HERITAGE FOUNDATION et al v. U.S. DEPARTMENT OF JUSTICE

Filing 50

MEMORANDUM OPINION regarding the defendant's 33 Motion for Partial Summary Judgment and the plaintiffs' 35 Cross-Motion for Partial Summary Judgment. See text for details. Signed by Judge Dabney L. Friedrich on July 3, 2024. (lcdlf2)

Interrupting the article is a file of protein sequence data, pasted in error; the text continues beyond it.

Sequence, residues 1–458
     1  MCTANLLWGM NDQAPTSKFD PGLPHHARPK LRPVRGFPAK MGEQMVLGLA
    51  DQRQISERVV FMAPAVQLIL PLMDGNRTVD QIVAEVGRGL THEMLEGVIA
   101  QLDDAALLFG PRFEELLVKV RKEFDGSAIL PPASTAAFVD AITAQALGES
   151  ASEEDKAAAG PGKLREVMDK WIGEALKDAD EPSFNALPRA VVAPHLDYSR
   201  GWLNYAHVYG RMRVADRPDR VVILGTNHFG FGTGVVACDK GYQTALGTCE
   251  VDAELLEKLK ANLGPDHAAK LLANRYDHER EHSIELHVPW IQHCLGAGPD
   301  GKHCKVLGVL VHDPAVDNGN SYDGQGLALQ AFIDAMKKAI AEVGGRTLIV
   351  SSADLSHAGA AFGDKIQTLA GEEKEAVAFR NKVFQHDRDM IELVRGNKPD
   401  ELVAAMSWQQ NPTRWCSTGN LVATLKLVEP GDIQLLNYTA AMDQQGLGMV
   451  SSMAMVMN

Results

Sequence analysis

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UNITED STATES DISTRICT COURT FOR THE DISTRICT OF COLUMBIA HERITAGE FOUNDATION, et al., Plaintiffs, v. No. 23-cv-1854 (DLF) DEPARTMENT OF JUSTICE, Defendant. MEMORANDUM OPINION In this case, the Heritage Foundation and Mike Howell (together, “Heritage”) seek records from the U.S. Department of Justice related to the investigation of Robert Hunter Biden, the son of the President of the United States Joseph R. Biden. Before the Court are the Department’s Motion for Partial Summary Judgment, Dkt. 33, and Heritage’s Cross-Motion for Partial Summary Judgment, Dkt. 35, addressing the adequacy of the Department’s search for records. For the reasons that follow, the Court will grant the Department’s motion and deny Heritage’s. I. BACKGROUND The Court previously described this case’s background, see Heritage Found. v. Dep’t of Just., No. 23-cv-1854, 2023 WL 8880337, at *1–2 (D.D.C. Dec. 22, 2023), and recounts here only those facts relevant to its decision. On March 10, 2023, Heritage submitted a Freedom of Information Act (“FOIA”) request to the Department of Justice seeking the following: 1. All documents and communications sent or received by David Weiss or any employee of the U.S. Attorney’s Office for the District of Delaware referring or relating to Special Counsel status for the investigation concerning Hunter Biden; and 2. All documents and communications between or among employees of the U.S. Attorney’s Office for the District of Delaware and employees of any other U.S. Attorney’s Office with venue to bring charges against Hunter Biden or his associates in that jurisdiction. Def.’s Statement of Undisputed Material Facts ¶ 1, Dkt. 33-1. Upon receipt of the request, the U.S. Attorney’s Office for the District of Delaware was tasked with searching for responsive records. See id. ¶ 5. Eight custodians were involved: (1) David Weiss, the U.S. Attorney; (2) Shannon Hansen, the First Assistant U.S. Attorney; (3) Shawn Weede, the Criminal Chief of the U.S. Attorney’s Office; (4) a line Assistant United States Attorney assigned to the Hunter Biden investigation; (5) another District of Delaware Assistant United States Attorney; and three administrative personnel. See Decl. of Kara Cain ¶ 12, Dkt. 33-2. 1 The custodians “were selected . . . because they were the personnel in the best position to find responsive records” and “to efficiently locate and pull the universe of potentially responsive records.” Id. ¶ 15. All of the custodians, with the exception of Weiss, conducted their own searches. Id. ¶ 21. In Weiss’s case, the U.S. Attorney’s Office’s information-technology staff conducted the search. Id. As to Part 1 of Heritage’s request—i.e., records within the U.S. Attorney’s Office concerning the Special Counsel investigation—the custodians searched for “515,” “special counsel,” and “special attorney.” Id. ¶ 24. As to Part 2—i.e., communications between different U.S. Attorney’s Offices—each custodian “searched for 10 names belonging to personnel at one or more other USAOs,” and the five attorney custodians searched for “two additional names.” Id ¶¶ 28–29. Each custodian, with the exception of Weiss, reviewed the search-term results and returned responsive records for processing. See id. ¶¶ 25, 32. All custodians were further 1 In opposition to Heritage’s preliminary-injunction motion, the Department submitted a declaration by Kara Cain. See Decl. of Kara Cain, Dkt. 10-1. The parties refer to the Cain Declaration submitted at summary judgment as the “second” Cain Declaration. For simplicity’s sake, the Court refers to Kara Cain’s first summary-judgment declaration as simply the “Cain Declaration,” Dkt. 33-2, and her declaration accompanying the Department’s reply brief in support of its motion for summary judgment as the “Second Cain Declaration,” Dkt. 38-2. 2 instructed “to search for any hard-copy records, including handwritten notes” and “whether they kept non-email, non-hard-copy records,” including “inter-office and intra-office communications,” emails, “MMS or SMS text messages,” “instant messages,” and communications on various “messaging systems.” Id. ¶¶ 35, 37. “All eight custodians confirmed that they did not use any of those systems to communicate about ‘Special Counsel status’ or to communicate with other USAOs where venue might have been appropriate.” Id. ¶ 38. The Department has “processed more than 3,000 pages and released—in whole or in part—all responsive, non-exempt records.” Id. ¶ 41. On June 26, 2023, Heritage filed suit against the Department of Justice. With the parties’ consent, the Court bifurcated summary judgment—to first address the adequacy of the Department’s search and then to turn to the Department’s withholdings. Both parties moved for summary judgment on adequacy, see Dkts. 33, 35, and on March 11, 2024, the Court held a motion hearing. In their briefing and at the hearing, the parties devoted significant attention to whether the record custodians acted in good faith. Particular focus was placed on Heritage’s use of a congressional Interim Staff Report containing a transcript from David Weiss’s November 7, 2023 testimony. According to the Department, Heritage truncated the quote to misleading effect. Following the hearing, the Court solicited transcripts and/or additional affidavits relating to the Weiss testimony. Min Order of Mar. 11, 2024. Heritage submitted approximately 2,740 pages of materials in response, see Dkt. 45, and thereafter, in response to the Court’s order, Min. Order of Mar. 26, 2024, the parties filed supplemental briefs addressing the newly filed material. II. LEGAL STANDARDS Rule 56 of the Federal Rules of Civil Procedure states that “[t]he court shall grant summary judgment if the movant shows that there is no genuine dispute as to any material fact and the 3 movant is entitled to judgment as a matter of law.” Fed. R. Civ. P. 56(a). When a federal agency moves for summary judgment in a FOIA case, the court views all facts and inferences in the light most favorable to the requester, and the agency bears the burden of showing that it complied with FOIA. Chambers v. U.S. Dep’t of Interior, 568 F.3d 998, 1003 (D.C. Cir. 2009). To prevail under Rule 56, a federal agency “must prove that each document that falls within the class requested either has been produced, is unidentifiable, or is wholly exempt from the [FOIA’s] inspection requirements.” Perry v. Block, 684 F.2d 121, 126 (D.C. Cir. 1982) (per curiam) (internal quotation marks omitted). The agency “must show beyond material doubt . . . that it has conducted a search reasonably calculated to uncover all relevant documents,” Weisberg v. DOJ, 705 F.2d 1344, 1351 (D.C. Cir. 1983), and must also explain why any of the nine enumerated exemptions listed in 5 U.S.C. § 552(b) apply to withheld information, Jud. Watch, Inc. v. FDA, 449 F.3d 141, 147 (D.C. Cir. 2006). Accord Mobley v. CIA, 806 F.3d 568, 580 (D.C. Cir. 2015) (noting an agency bears the burden of justifying the application of exemptions, “which are exclusive and must be narrowly construed”). “The peculiarities inherent in FOIA litigation, with the responding agencies often in sole possession of requested records and with information searches conducted only by agency personnel, have led federal courts to rely on government affidavits to determine whether the statutory obligations of the FOIA have been met.” Perry, 684 F.2d at 126. A court may grant summary judgment based on an affidavit if it contains reasonably specific detail and neither contradictory record evidence nor evidence of bad faith calls it into question, see Jud. Watch, Inc. v. U.S. Secret Serv., 726 F.3d 208, 215 (D.C. Cir. 2013). “[T]he vast majority of FOIA cases can be resolved on summary judgment.” Brayton v. Off. of the U.S. Trade Representative, 641 F.3d 521, 527 (D.C. Cir. 2011). 4 III. ANALYSIS A. Adequacy Framework Courts apply a two-step framework to evaluate the adequacy of an agency’s FOIA search. First, the agency must show that its search was reasonable, meaning it “made a good faith effort to conduct a search for the requested records, using methods which can be reasonably expected to produce the information requested.” Watkins L. & Advoc., PLLC v. DOJ, 78 F.4th 436, 442 (D.C. Cir. 2023) (cleaned up). Agencies “submit declarations that denote which files were searched and by whom those files were searched” and must prove they took a reasonable “systematic approach to document location.” Heartland All. for Hum. Needs & Hum. Rts. v. USCIS, 406 F. Supp. 3d 90, 110 (D.D.C. 2019) (cleaned up). If the agency carries its burden of showing reasonableness, at step two, “the burden shifts to the FOIA requester to produce countervailing evidence suggesting that a genuine dispute of material fact exists as to the adequacy of the search.” Id. (cleaned up). The requester must “rebut” the agency’s showing of reasonableness with any “evidence . . . showing that the search was not conducted in good faith.” Moore v. Aspin, 916 F. Supp. 32, 35 (D.D.C. 1996). The parties disagree over how allegations of bad faith are analyzed under this framework. On one hand, Heritage argues that when a custodian has “been credibly accused of wrongdoing or [is] clearly bound up in or tainted by credible allegations of misconduct,” it is not reasonable for that custodian to perform “self-collection and self-review.” Cross Mot. for Summ. J. at 8, Dkt. 35. In other words, it asserts that, at step one, an agency must show that it was reasonable to permit a custodian’s self-search notwithstanding allegations of conflict, bias, or the like. On the other hand, the Department accuses Heritage of conflating steps one and two. See Def.’s Reply at 6–7, Dkt. 38. In its view, the requester carries the burden of “offer[ing] clear evidence that the custodian(s) 5 has acted in bad faith” at step two, but custodians are afforded a “presumption of good faith,” so it is reasonable at step one for a custodian, even a conflicted one, to self-search. Id. at 6–7 & n.4. The Court declines Heritage’s invitation to accept as true its “credible” allegations of bad faith and consider evidence outside the agency’s declarations at step one. To call such allegations “credible” would assume that Heritage has proved bad faith. A requester, like Heritage, may present any evidence of bad faith extrinsic to the agency’s declarations at step two. See, e.g., Evans v. Fed. Bureau of Prisons, 951 F.3d 578, 586 (D.C. Cir. 2020) (“Appellant has provided us with no reason to doubt the veracity of the prison officials’ response.”); Iturralde v. Comptroller of the Currency, 315 F.3d 311, 314 (D.C. Cir. 2003) (noting the plaintiff may rebut the presumption of good faith with “countervailing evidence as to the adequacy of the agency’s search” (cleaned up)). But the Court is aware of no authority assuming agency bad faith at step one based on evidence outside the agency’s declarations. Indeed, courts in this Circuit consistently look first within the four corners of the search (as laid out in the agency declarations and supporting exhibits) to assess whether the agency took reasonable measures to retrieve the requested records. See Mack v. Dep’t of the Navy, 259 F. Supp. 2d 99, 105 (D.D.C. 2003). A requester can, of course, challenge whether the agency’s search was “reasonably calculated to uncover all relevant documents.” 2 Weisberg, 705 F.2d at 1351. And courts “afford a presumption of good faith only if [they] conclude that an agency’s declaration is relatively detailed and non-conclusory and submitted in good faith.” Eddington v. DOD, 35 F.4th 2 At the March 11, 2024 hearing, the parties discussed whether “bad faith” may ever be raised at step one. For example, if the agency’s declaration acknowledges a custodian’s actual conflict of interest but otherwise remains silent as to how the conflict was neutralized, a question of unreasonableness may arise at step one. That, however, is not this case because Heritage makes no persuasive argument that a conflict is apparent on the face of the Department’s declarations, only based on its extrinsic evidence. The Court thus need not resolve this issue. 6 833, 838 (D.C. Cir. 2022) (cleaned up). Once that presumption attaches, the requester may submit any evidence of bad faith, whether related to how the agency conducted the search or the conduct of particular custodians. See Moore, 916 F. Supp. at 35–36; James Madison Project v. DOJ, 267 F. Supp. 3d 154, 159 (D.D.C. 2017) (“When an agency has submitted such declarations, the requester then bears the burden of demonstrating a lack of good faith.”); Greenberg v. U.S. Dep’t of Treasury, 10 F. Supp. 2d 3, 13 (D.D.C. 1998) (“Once the agency has shown by convincing evidence that its search was reasonable, the burden shifts to the requester to show that the search was not in fact in good faith.”). The requester may do so with evidence beyond the declarations when it carries the burden of proving bad faith. See, e.g., Weisberg, 705 F.2d at 1358 (“What Weisberg is unable to show by a direct attack on the search itself he attempts to show indirectly by extensive allegations that the FBI has treated his request in bad faith.”). As discussed in Section III.B, infra, there is nothing on the face of the Department’s declarations here to suggest the custodians were conflicted or biased. As such, Heritage’s use of evidence extrinsic to the declarations to prove bad faith is properly evaluated at step two. Swimming against the current of precedent, Heritage criticizes district-court decisions broadly aligned with the Court’s approach, see Cross Mot. for Summ. J. at 8–12, focusing principally on Wadelton v. Department of State, 106 F. Supp. 3d 139 (D.D.C. 2015). In that case, the plaintiffs argued that the agency inappropriately tasked record custodians “with searching their own records for information about their own alleged misconduct,” implicating “a major conflict of interest.” Id. at 148. Judge Chutkan rebuffed the challenge, holding that “[a]lthough no court appears to have directly addressed the question, searches conducted by those who created or maintained the documents—even against a backdrop of allegations of wrongdoing—have been deemed reasonable when challenged.” Id. In her view, self-searches are “logical in light of the 7 presumption of good faith,” 3 and, in any event, the plaintiffs’ “assumption” that the custodians “must have acted in bad faith . . . does not rise to the level of proof necessary to overcome this presumption.” Id. at 149. Heritage urges the Court to reject Wadelton because Judge Chutkan failed to “address the reasonableness of self-search (or review) where there is a credible allegation of misconduct or implied misconduct.” Cross Mot. for Summ. J. at 9. But that is not true. The plaintiffs in Wadelton, like Heritage here, advanced an unproven “assumption that [the custodians] must have acted in bad faith.” 106 F. Supp. 3d at 149. Such “conclusory claims without an evidentiary basis” cannot rebut the presumption of good faith—i.e., the reasonableness of the search—established at step one, Cunningham v. DOJ, 961 F. Supp. 2d 226, 243 (D.D.C. 2013). Heritage further asserts that Judge Chutkan inappropriately relied on Defenders of Wildlife v. U.S. Department of the Interior, 314 F. Supp. 2d 1 (D.D.C. 2004), because that case did not make an express holding on the “reasonableness of having the putative ethics violators search[ing] for responsive documents,” Wadelton, 106 F. Supp. 3d at 148. But this misses the point. Judge Chutkan cited this case merely to point out that courts see no reason to question in the ordinary course “putative ethics violators search[ing] for responsive records.” Id. Heritage’s other arguments fail to persuade. It directs the Court to “well-developed caselaw on e-discovery searches,” Cross-Mot. for Summ. J. at 11, but the Court sees no need to borrow from that context given the well-established two-step adequacy-of-search inquiry that courts consistently apply in FOIA cases. 3 As discussed supra, the presumption of good faith does not apply by default; rather, the Court “afford[s] a presumption of good faith only if [it] conclude[s] that an agency’s declaration is relatively detailed and non-conclusory and submitted in good faith.” Eddington, 35 F.4th at 838 (cleaned up). 8 Based on the foregoing, at step one, an agency may rely on “government employees who created or maintained the requested records to conduct the search for those records” as part of its proof of reasonableness. Wadelton, 106 F. Supp. 3d at 149. And at step two, the requester may present evidence of bad faith satisfying “the level of proof necessary.” Id. Accordingly, the Court will first analyze the reasonableness of the Department’s search, and then, Heritage’s allegations of bad faith. B. Step One: Reasonableness The Department satisfies step one. At this stage, the Department “must show that it made a good faith effort to conduct a search for the requested records, using methods which can be reasonably expected to produce the information requested.” Reps. Comm. for Freedom of the Press v. FBI, 877 F.3d 399, 402 (D.C. Cir. 2017) (quoting Oglesby v. U.S. Dep’t of the Army, 920 F.2d 57, 68 (D.C. Cir. 1990)). The adequacy of a search “is judged by a standard of reasonableness and depends, not surprisingly, upon the facts of each case.” Weisberg, 745 F.2d at 1485. “[T]he issue to be resolved is not whether there might exist any other documents possibly responsive to the request, but rather whether the search for those documents was adequate.” Id. (emphasis in original). The requester may defeat summary judgment by marshaling “contradictory evidence in the record” to generate a “genuine dispute of material fact.” Eddington, 35 F.4th at 841. The Department provided the declaration of Kara Cain, an Attorney-Advisor with the FOIA staff of the Executive Office for United States Attorneys. See Cain Decl. ¶ 1. After Heritage filed its opposition and cross-motion, Cain submitted a short supplemental declaration. See Declaration of Kara Cain (“Second Cain Decl.”) ¶ 1, Dkt. 38-2. Both “reasonably detailed” declarations demonstrate that the Department conducted a reasonable search for responsive records. Hunton & Williams LLP v. EPA, 248 F. Supp. 3d 220,236 (D.D.C. 2017). 9 Cain represents that the Executive Office for United States Attorneys determined that the U.S. Attorney’s Office for the District of Delaware was best situated “to conduct a search for responsive records” given its central role in Heritage’s request. Cain Decl. ¶¶ 7, 10. She goes on to identify—four by name and four by position—the record custodians, who reasonably “were selected . . . because they were the personnel” who oversaw and/or worked on the Hunter Biden investigation. Id. ¶¶ 13–15. From there, Cain details the U.S. Attorney’s Office’s email-archive system and the Proofpoint system for searching those records. See id. ¶¶ 19–22; Second Cain Decl. ¶ 2. She then explains that all eight custodians were given Heritage’s FOIA request, see Cain Decl. ¶ 13, and worked to establish reasonable search terms. Heritage’s request was overbroad in certain respects, including its failure to include temporal limits or any subject-matter limits in Part 2. See Mot. for Summ. J. at 6. Cain captures, however, the Department’s reasonable efforts to narrow the request to yield potentially responsive records, see, e.g., Cain Decl. ¶ 23. For example, for both Parts of Heritage’s request, the Department limited the search to 2020 forward—a reasonable limitation in light of the facts of the case. See id. ¶ 23. As to Part 2’s substantive scope, Heritage sought “[a]ll documents and communications between or among employees of the U.S. Attorney’s Office for the District of Delaware and employees of any other U.S. Attorney’s Office with venue to bring charges against Hunter Biden or his associates.” Id. ¶ 9. Instead of rejecting the request, the Department directed the record custodians to generate a list of “12 names” of employees in other U.S. Attorney’s Offices with whom they likely corresponded based on their experience and work on the Hunter Biden investigation. See id. ¶¶ 28, 30. Such limitations were eminently reasonable. Cain further recounts how the custodians “reviewed the search-term results” and winnowed only those responsive records that “sufficiently ‘refer[] or relat[e] to’” Heritage’s request. Cain 10 Decl. ¶¶ 25–34. Moreover, she explains that “[a]ll eight custodians were . . . told to search for any hard-copy records”—yielding “[t]he bulk of the 162 pages identified in . . . the August 4, 2023 joint status report”—and any “non-email, non-hard-copy records”—yielding no responsive records. Id. ¶¶ 35–38. In the Court’s view, the Cain declarations reflect the Department’s more than adequate efforts to locate responsive records. Heritage disagrees, focusing primarily on the alleged bad faith of the record custodians (addressed infra), but it musters only a few arguments challenging the reasonableness of the Department’s search itself. None are persuasive. First, Heritage contends that the Department’s “hard copy search is insufficiently documented.” Cross Mot. for Summ. J. at 41. Pointing to Lewis v. U.S. Department of the Treasury, No. 17-cv-943, Heritage faults the Cain Declaration for “provid[ing] no detail on the instructions given as to the conduct of that search” or “whether a central hard-copy record existed,” Cross Mot. for Summ. J. at 42. But Lewis is easily distinguishable. There, the Court deemed the Treasury Department’s search inadequate because it (1) “fail[ed] to identify the specific search terms” used for electronic records; (2) “provide[d] no detail about how . . . employees searched their paper files”; and (3) did not “describe the yields of each . . . component’s search.” Mem. Op. at 3, Lewis v. U.S. Dep’t of the Treasury, No. 17-cv943 (D.D.C. July 2, 2018), Dkt. 23. The declaration in Lewis made only brief mention of hardcopy records, noting that “[t]o the extent the FOIA Officer instructed staff to search their personal files for letters or faxes, the scope of the search also included paper files.” Second Decl. of Jamal ElHindi ¶ 14, Lewis, No. 17-cv-943, Dkt. 20-1. Here, in contrast, the Cain Declaration lacks such conditional language and notes the Department’s clear directive regarding hardcopy records: namely, “[a]ll eight custodians were also told to search for any hard-copy records, including handwritten notes, that would have been responsive.” Cain Decl. ¶ 35. Also, at the March 11, 11 2024 hearing, the government represented that no central hardcopy repository exists. Even assuming the Department’s representations fall somewhat short in this regard, Lewis reached its conclusion based on the confluence of three distinct deficiencies, especially the failure to identify search terms. The search terms here, as Heritage concedes, are not at issue, further weakening any comparison to Lewis. Second, Heritage accuses the Department of “fail[ing] to search other systems.” Cross Mot. for Summ. J. at 41. Although record custodians were directed to search “non-email, nonhard-copy records,” Heritage blames the Department for “provid[ing] no information on how the custodians responded to this inquiry.” Id. at 42–43. The Department was “silent on the nature of the record systems,” and “individuals may not remember precisely how a communication was transmitted or routed.” Id. at 43–44. These arguments are baseless. To start, Heritage misreads the Cain Declaration. Cain represents that all custodians were asked about whether they kept any “non-email, non-hard-copy records” on any of sixteen electronic systems to “communicate about ‘Special Counsel status’ or to communicate with other USAOs where venue might have been appropriate.” Cain Decl. ¶¶ 37–38. “All eight custodians confirmed that they did not use any of those systems.” Id. ¶ 38. It thus was eminently reasonable for the Department not to search additional record systems. See id. ¶ 38. Far from silent, the Department has provided more than an adequate explanation as to why it did not search additional record systems. Heritage’s “purely speculative claims” about the custodians’ faulty memory do not “rebut the good faith presumption.” Brown v. DOJ, 742 F. Supp. 2d 126, 129 (D.D.C. 2010). Nor does the fact that a custodian may have forgotten about an additional “non-email, non-hard-copy record[],” such as telephony, undermine the presumption, Cain Decl. ¶ 37, because “the existence and discoverability 12 of other documents” does not render a search unreasonable, Ground Saucer Watch, Inc. v. CIA, 692 F.2d 770, 771 (D.C. Cir. 1981) (emphasis added). For these reasons, the Department’s search was reasonable, and Heritage has not presented any evidence to create a genuine dispute of material fact on this issue. The Court next turns to Heritage’s bad-faith arguments. C. Step Two: Bad Faith After an agency satisfies step one, “[s]ummary judgment may be granted” unless the agency’s search is “called into question . . . by evidence of agency bad faith.” Eddington, 35 F.4th at 837 (cleaned up). “[T]o overcome the presumption of good faith,” the requester carries the burden of “offer[ing] a concrete basis upon which the court may conclude that” the agency or custodians acted in bad faith. Kay v. FCC, 976 F. Supp. 23, 34 (D.D.C. 1997). The requester can accomplish this “either by contradicting the defendant’s account of the search procedure or by presenting evidence showing the agency’s bad faith.” Kim v. U.S. Dep’t of the Interior, 859 F. Supp. 2d 13, 18 (D.D.C. 2012). “[S]peculative and conclusory” evidence does not suffice. Kay, 976 F. Supp. at 34. Heritage concedes that it does not have any evidence of bad faith against Weede and Hansen and instead challenges the searches conducted by David Weiss and an Assistant United States Attorney assigned to the Hunter Biden case. These allegations fall well short of establishing any bad faith on the part of the Department. 1. Weiss Heritage devotes the bulk of its cross-motion to allegations of Weiss’s bad faith. But as the Department points out, Weiss did not conduct a self-search. See Mot. for Partial Summ. J. at 12. The IT team did instead. Id. at 2. Heritage presents no evidence that the IT team was in any 13 way tainted such that the search of Weiss’s records was infected with bad faith. Even so, Heritage argues, without evidence or authority, that Weiss tainted the other search custodians such that bad faith can be imputed to all. The Court disagrees. Heritage devotes nearly twenty pages of its briefing to brainstorming on a hypothetical criminal “prosecution” of Weiss. To support its bold claim, Heritage cites a December 5, 2023 Interim Staff Report authored by the House Committees on the Judiciary, Ways and Means, and Oversight and Accountability, see Dkt. 36-3, that contains letters Weiss sent to House and Senate Committees, see, e.g., id. at 37–39, and a truncated transcript from his November 7, 2023 interview with the House Committee on the Judiciary, see id. at 45. Accord Cross Mot. for Summ. J. at 12– 13. In Heritage’s view, Weiss’s June 7, 2023 letter to Representative Jim Jordan “was both false and misleading” because it claimed that Weiss was “granted ultimate authority over th[e] [Hunter Biden] matter, including responsibility for deciding where, when, and whether to file charges.” Id. at 13–14 (citation omitted). Heritage argues that at various other times, Weiss represented the contrary—that he lacked such “ultimate authority.” For example, he conveyed in other letters that he lacked “charging authority” outside the District of Delaware and would need a “partner on the case” in another district. Id. at 16. IRS investigators Gary Shapley, Jr. and Joseph Ziegler testified that behind closed doors Weiss acknowledged the limits of his charging authority. See id. at 18. Shapley testified that at an October 7, 2022 meeting, Weiss told investigators, “I’m not the deciding official on whether charges are filed,” and “Biden-appointed D.C. U.S. Attorney Matthew Graves would not allow him to charge in his district.” Id. (citation omitted). Further, Heritage invokes a particular exchange during Weiss’s November 7, 2023 interview in which he allegedly acknowledged the denial of “Special Attorney” authority under 28 U.S.C. § 515 before sending 14 his July 7, 2023 letter claiming “ultimate authority.” 4 Relying on the Interim Staff Report, Heritage quotes the exchange as follows: Q. But [515 authority] wasn’t granted, right? A. Yes. We have been over this. It wasn’t granted. They said, follow the process. I followed the process. And in completing the process— Q. But, Mr. Weiss, when you ask for something and they don’t give it to you, what is that? A. I asked for something, and in that conversation they didn’t give it to me[.] Id. at 22 (quoting Interim Staff Report at 45). Based on the above exchanges, Heritage contends that “[t]he plain text of the June 7 Letter cannot bear th[e] interpretation” that Weiss actually had “ultimate authority” over the Hunter Biden case. Id. at 23. It thus concludes that Weiss should be charged under 18 U.S.C. § 1001 and § 1505 for false and misleading statements. Id. at 27, 31. Heritage’s hypothetical “prosecution” rests on a shaky foundation. To start, Weiss’s June 7, 2023 letter about his “ultimate authority” contained a crucial caveat that must be read in context: While your letter does not specify by name the ongoing investigation that is the subject of the Committee’s oversight, its content suggests your inquiry is related to an investigation in my District. If my assumption is correct, I want to make clear that, as the Attorney General has stated, I have been granted ultimate authority over this matter, including responsibility for deciding where, when, and whether to file charges and for making decisions necessary to preserve the integrity of the prosecution, consistent with federal law, the Principles of Federal Prosecution, and Departmental regulations. Interim Staff Report at 37 (emphasis added). In full context, Weiss plainly acknowledged that his “ultimate authority” was subject to restrictions under federal law, the Justice Manual, and other regulation. Contrary to Heritage’s suggestion, Weiss’s letter cannot fairly be read to proclaim 4 In the November 7, 2023 interview, there is discussion differentiating “special counsel” status and “Special Attorney” status under 28 U.S. § 515. See, e.g., Resp. to Court Order ex. 1, pt. 2 at 746, Dkt. 45-2. This difference is not material here, so the Court uses the terms interchangeably. 15 absolute prosecutorial power without exception or limitation. Indeed, as the Department notes, even without the caveat, Weiss’s proclamation of “ultimate authority” must be construed against the background rule that prosecutors follow federal law and lack unchecked charging authority. See Reply in Supp. of Mot. for Summ. J. at 19. Heritage resists this reading and argues that Weiss’s “ultimate authority” statement “must be given some meaning” as it “delineates some sort of additional authority over the Hunter Biden case above and beyond any other case in the District of Delaware.” Cross Mot. for Summ. J. at 23. But as Weiss himself explained in his various letters, “he was ‘the decisionmaker in th[e] [Hunter Biden] case,’” Interim Staff Report at 55, and was “assured that, if necessary,” he “would be granted § 515 [Special Counsel] Authority” to seek charges in any “district where charges could be brought in this matter,” Letter from David C. Weiss to Chairman Jim Jordan on June 30, 2023 at 2, Dkt. 14-2. On the Court’s reading, Weiss in fact had “additional [charging] authority” in the Hunter Biden case compared to other U.S. Attorneys because he could bring charges outside the District of Delaware. Cross Mot. for Summ. J. at 23. But to unlock that power he was required to comply with the procedures outlined in 28 U.S.C. § 515. Further, as discussed at the March 11, 2024 hearing, Heritage quoted the Interim Staff Report’s truncated transcript of Mr. Weiss’s November 7, 2023 testimony. Following the Court’s order, Heritage filed a full transcript of the hearing. Resp. to Ct. Order ex. 1, pt. 2 at 747–48, Dkt. 45-2. The relevant passage includes the following (with the new information emphasized): Q. But [515 authority] wasn’t granted, right? A. Yes. We have been over this. It wasn’t granted. They said, follow the process. I followed the process. And in completing the process— Q. But, Mr. Weiss, when you ask for something and they don’t give it to you, what is that? 16 A. I asked for something, and in that conversation they didn’t give it to me, but at the— Q. All right. It’s a simple question. A. —at the conclusion— Q. When you ask for something and they didn’t give it to you, what is that? A. I’m not—you want me to say it’s a denial, but it’s not. Not when I know that, weeks later, I was specifically told “You can proceed.” So it’s the same question, it’s the same request— Q. Maybe weeks later, but at that point what is it? A. It’s, “Proceed, with this process. We’re asking you to go through this process.” From my mind, it’s a sequencing event. It’s not a denial in any way, shape, or form. That’s the way I interpreted it. Id. The full exchange between Weiss and Representative Jordan shows that Weiss plainly rebuffed the suggestion that his application for § 515 Special Attorney status was ever rejected. Rather, as he repeated several times during the exchange with Representative Jordan, he was told to follow the procedures for appointment under § 515. Indeed, Weiss’s November 7, 2023 statement that he was told to “proceed”, id., corroborates his representation in a June 30, 2023 letter that he was “assured that” he “would be granted” additional “§ 515 Authority” upon request, Letter from David C. Weiss to Chairman Jim Jordan at 2 (June 30, 2023). This undermines any inference that Weiss was dishonest when he claimed “ultimate authority” in his June 7, 2023 letter. Heritage’s additional submissions do not strengthen its allegations of bad faith. The cumulative evidence that Weiss’s § 515 Special Attorney authority was “future contingent authority,” Pls.’ Br. Pursuant to the Ct.’s Mar. 26, 2024 Min. Order at 4, Dkt. 47, is consistent with Weiss’s June 7, 2023 representation that he had “ultimate authority” to pursue charges in the Hunter Biden case subject to “federal law,” including the procedures identified in 28 U.S.C. § 515. Interim Staff Report at 37. Heritage has thus failed to make a showing of bad faith by Weiss. 17 2. Assistant United States Attorney Heritage also advances a litany of allegations against a line Assistant United States Attorney in the District of Delaware, largely based on the testimony of IRS Agents Shapley and Ziegler. Heritage contends that the attorney refused “to cooperate with the Pittsburgh USAO” about “allegations that then-Vice President Joe Biden and Hunter Biden each received a $5 million bribe from a Ukrainian oligarch,” Cross Mot. for Summ J. at 33–34; “sought to keep the Biden name out of the investigation,” id. at 35; declined to pursue a search of a storage unit and opted to negotiate with Hunter Biden’s counsel over the disclosure of relevant documents, see id. at 37–39; informed investigators they would be in “hot water if [they] interview[ed] the President’s grandchildren,” id. at 39; directed investigators away from allegations of “campaign finance criminal violations,” id. at 40; and “restricted line investigators from looking into Hunter Biden’s connections with CEFC China Energy,” id. At bottom, Heritage critiques how a line Assistant United States Attorney exercised her discretion. The Court cannot stand in judgment of such prosecutorial decisions, the power over which the Constitution expressly vests in the Executive. See U.S. Const. art. II, cl. 1 (“The executive Power shall be vested in a President of the United States of America.”). The President has “exclusive authority and absolute discretion to decide whether to prosecute a case,” United States v. Nixon, 418 U.S. 683, 693 (1974), and this “special province of the Executive Branch” is “presumed immune from judicial review,” Heckler v. Chaney, 470 U.S. 821, 832 (1985). Accord Frederick Douglass Found., Inc. v. District of Columbia, 82 F.4th 1122, 1136 (D.C. Cir. 2023) (“Because prosecutorial discretion lies within the executive’s sphere, the exercise of such discretion is not generally reviewable by the courts.”); see also Trump v. United States, No. 23939, 2024 WL 3237603, at *15 (U.S. July 1, 2024) (“[P]rosecutorial decisionmaking is ‘the special 18 province of the Executive Branch,’ and the Constitution vests the entirety of the executive power in the President.” (quoting Heckler, 470 U.S. at 832)) . Federal courts shall “refrain[] from overturning, at the instance of a private person, discretionary decisions of federal prosecuting authorities not to prosecute persons regarding whom a complaint of criminal conduct is made.” Inmates of Attica Corr. Facility v. Rockefeller, 477 F.2d 375, 379 (2d Cir. 1973). All too often disputes between criminal investigators and prosecutors arise, and it is not the role of the courts to arbitrate such intrabranch disputes. But even if the Court were willing to peer behind the prosecutorial curtain and credit the allegations relating to the Assistant United States Attorney, the Court cannot conclude that she acted unreasonably in light of the sensitivities surrounding an investigation of a sitting President and his family members. As the Department notes, Heritage fails to “explain why [her] actions (or inactions) amount to ‘probable misconduct,’” Reply in Supp. of Mot. for Summ J. at 23, and the Court cannot speculate on Heritage’s part. * * * Falling short at step two, Heritage has not shown bad faith. Given the Department has proved the reasonableness of its search, it is entitled to partial summary judgment. CONCLUSION For the foregoing reasons, the Court will grant the Department’s Motion for Partial Summary Judgment, Dkt. 33, and deny Heritage’s Cross-Motion for Partial Summary Judgment, Dkt. 35. A separate order consistent with this decision accompanies this memorandum opinion. ________________________ DABNEY L. FRIEDRICH United States District Judge July 3, 2024 19